“Fonio is nicknamed Lazy Farmer Crops. That’s how easy it is to grow,” says Pierre Thiam, executive chef and co-founder of the New York-based fine-casual food chain Teranga, which features West African cuisine. “When the first rains come, farmers just have to go outside and just like fonio seeds. … They barely till the ground.”

“And it’s a fast-growing crop too: it can mature in two months,” he said, admitting it’s not all that easy: “Fonio processing is very difficult. You have to remove the skin before it’s edible.”

Millet accounts for less than 3% of global grain trade, according to FAO. However, cultivation is increasing in some arid regions. In Rushinga district, millet cultivation has almost tripled in the last decade. The United Nations World Food Program last season deployed dozens of threshing machines to drought-prone areas and packed seeds and trained 63,000 smallholder farmers.

Low rainfall and high temperatures due to climate change in recent years, combined with poor soils, have reduced interest in water-logged maize.

“You’ll see people who grow maize are asking for food aid, people who grow sorghum or pearl millet are still eating their small grains,” said district agronomist Melody Sorio, pointing to small grains like millet, whose seeds can be as fine as sand. “We expect that in the next five years, small grains will overtake corn.”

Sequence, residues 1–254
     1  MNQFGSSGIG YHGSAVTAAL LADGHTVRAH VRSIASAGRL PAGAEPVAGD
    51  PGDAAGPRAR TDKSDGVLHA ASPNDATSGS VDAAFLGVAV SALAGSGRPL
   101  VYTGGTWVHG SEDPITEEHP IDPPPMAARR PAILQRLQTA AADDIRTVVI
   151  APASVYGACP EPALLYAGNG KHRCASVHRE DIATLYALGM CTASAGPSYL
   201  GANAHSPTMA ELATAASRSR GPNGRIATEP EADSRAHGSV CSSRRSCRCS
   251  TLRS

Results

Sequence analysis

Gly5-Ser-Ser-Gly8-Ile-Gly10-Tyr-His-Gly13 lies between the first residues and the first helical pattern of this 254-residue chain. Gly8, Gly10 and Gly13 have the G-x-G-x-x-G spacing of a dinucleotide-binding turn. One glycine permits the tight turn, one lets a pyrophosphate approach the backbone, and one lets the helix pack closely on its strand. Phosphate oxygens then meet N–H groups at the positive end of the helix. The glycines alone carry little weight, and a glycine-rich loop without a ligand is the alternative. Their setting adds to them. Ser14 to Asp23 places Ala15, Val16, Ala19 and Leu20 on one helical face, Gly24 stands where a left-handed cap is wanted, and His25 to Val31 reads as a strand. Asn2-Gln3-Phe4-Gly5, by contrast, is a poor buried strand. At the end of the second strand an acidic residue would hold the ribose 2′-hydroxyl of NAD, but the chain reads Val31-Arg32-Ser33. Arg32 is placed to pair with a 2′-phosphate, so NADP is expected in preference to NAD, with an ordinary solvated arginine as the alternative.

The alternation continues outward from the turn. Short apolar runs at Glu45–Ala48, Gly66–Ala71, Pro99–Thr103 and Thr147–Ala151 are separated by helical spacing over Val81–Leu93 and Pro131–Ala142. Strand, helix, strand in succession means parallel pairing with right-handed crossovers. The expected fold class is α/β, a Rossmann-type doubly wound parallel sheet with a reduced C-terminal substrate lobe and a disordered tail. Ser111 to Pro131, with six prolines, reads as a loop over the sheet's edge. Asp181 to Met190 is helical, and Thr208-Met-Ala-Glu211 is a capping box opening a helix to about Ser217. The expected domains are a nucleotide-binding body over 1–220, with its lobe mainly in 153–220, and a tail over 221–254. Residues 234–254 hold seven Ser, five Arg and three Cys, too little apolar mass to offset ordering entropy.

Government teams in Zimbabwe have provided expert support through WhatsApp groups to remote rural areas, inspecting crops and disseminating technical knowledge to farmers.

WFP spokeswoman Tatenda Macheka said millet is “helping us reduce food insecurity” in Zimbabwe, where about a quarter of the country’s 15 million people – a breadbasket of southern Africa – are now food insecure, meaning they are unsure where their next meal will come from.

In Zimbabwe’s urban areas and beyond, restaurants and hotels are developing the new idea that a millet dish gives an air of class and makes it more expensive on their menus.

Thiam, the US-based chef, recalled eating phonio as a kid in Senegal’s southern Casamance region, but was upset that it wasn’t often found in his hometown — the capital — New York. He once “naively” admitted to dreaming of what is known in rural Senegal as the “grain of royalty” – served to honor visiting guests – becoming a “world-class crop”.

He has scaled back those ambitions, but still sees a future for small grains.

“It’s really amazing that you can have a crop that’s been overlooked for so long,” Thiam said in an interview from his home in El Cerrito, Calif., where he’s moved to be closer to his wife and her family. “It’s over time that we integrate it into our diet.”


Kitten reports from Geneva. Haven Daily in El Cerrito, Calif. contributed to this report.


Associated Press climate and environmental coverage receives support from several private foundations. See more about AP’s climate initiative here. AP is solely responsible for all content.